On June 30, 1905 Albert Einstein published his paper on Special Relativity with the paper “On the Electrodynamics of Moving Bodies” in the journal Annalen der Physik (original German version in pdf here).
This was Einstein’s third of what have become known as the Annus Mirabilis papers (Latin for “extraordinary year”) and revolutionized the field of physics by reconciling Maxwell’s equations for electricity and magnetism with the laws of mechanics. He was 26 years old. In this paper Einstein also dispelled with the concept of “luminiferous ether” (proposed by Isaac Newton in 1704), a hypothetical medium that light waves were thought to travel through in the same way that sound waves travel through air or water. His first paper, on the photoelectric effect, earned him the Nobel Prize in physics.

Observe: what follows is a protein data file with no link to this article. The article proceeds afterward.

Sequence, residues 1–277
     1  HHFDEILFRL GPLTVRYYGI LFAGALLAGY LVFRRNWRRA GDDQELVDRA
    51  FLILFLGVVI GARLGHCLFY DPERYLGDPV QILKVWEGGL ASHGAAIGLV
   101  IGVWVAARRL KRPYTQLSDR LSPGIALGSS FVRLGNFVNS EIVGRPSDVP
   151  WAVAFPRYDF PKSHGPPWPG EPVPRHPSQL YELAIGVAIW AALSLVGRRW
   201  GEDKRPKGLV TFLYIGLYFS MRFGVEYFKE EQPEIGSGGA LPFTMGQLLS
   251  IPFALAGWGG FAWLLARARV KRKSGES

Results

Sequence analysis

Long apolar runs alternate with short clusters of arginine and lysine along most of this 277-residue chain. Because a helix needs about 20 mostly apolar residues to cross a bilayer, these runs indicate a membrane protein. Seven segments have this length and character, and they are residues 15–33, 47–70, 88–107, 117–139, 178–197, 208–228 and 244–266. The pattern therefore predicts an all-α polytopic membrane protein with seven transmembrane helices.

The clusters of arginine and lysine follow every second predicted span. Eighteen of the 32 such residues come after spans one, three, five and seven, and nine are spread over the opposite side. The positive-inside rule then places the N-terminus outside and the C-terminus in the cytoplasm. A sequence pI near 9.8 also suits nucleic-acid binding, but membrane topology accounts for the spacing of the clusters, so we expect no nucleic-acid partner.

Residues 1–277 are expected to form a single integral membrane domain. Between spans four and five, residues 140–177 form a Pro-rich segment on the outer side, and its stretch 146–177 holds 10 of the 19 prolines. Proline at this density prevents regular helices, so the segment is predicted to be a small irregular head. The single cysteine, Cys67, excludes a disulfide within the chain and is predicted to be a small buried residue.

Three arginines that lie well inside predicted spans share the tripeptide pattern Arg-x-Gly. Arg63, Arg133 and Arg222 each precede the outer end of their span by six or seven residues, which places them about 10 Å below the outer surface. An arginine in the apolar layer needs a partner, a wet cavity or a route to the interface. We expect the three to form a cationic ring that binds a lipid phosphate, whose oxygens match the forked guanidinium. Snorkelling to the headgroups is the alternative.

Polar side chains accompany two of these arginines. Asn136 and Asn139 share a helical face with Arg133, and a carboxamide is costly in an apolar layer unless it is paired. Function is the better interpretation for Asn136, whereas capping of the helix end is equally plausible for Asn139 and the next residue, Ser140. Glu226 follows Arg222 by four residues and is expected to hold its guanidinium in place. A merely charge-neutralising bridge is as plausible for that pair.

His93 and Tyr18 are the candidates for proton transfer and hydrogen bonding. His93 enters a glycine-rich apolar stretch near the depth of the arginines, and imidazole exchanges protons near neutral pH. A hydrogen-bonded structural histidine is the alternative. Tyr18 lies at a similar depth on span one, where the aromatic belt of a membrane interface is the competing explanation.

From the introduction:
We will raise this conjecture (the purport of which will hereafter be called the “Principle of Relativity”) to the status of a postulate, and also introduce another postulate, which is only apparently irreconcilable with the former, namely, that light is always propagated in empty space with a definite velocity c which is independent of the state of motion of the emitting body. These two postulates suffice for the attainment of a simple and consistent theory of the electrodynamics of moving bodies based on Maxwell’s theory for stationary bodies. The introduction of a “luminiferous ether” will prove to be superfluous inasmuch as the view here to be developed will not require an “absolutely stationary space” provided with special properties, nor assign a velocity-vector to a point of the empty space in which electromagnetic processes take place.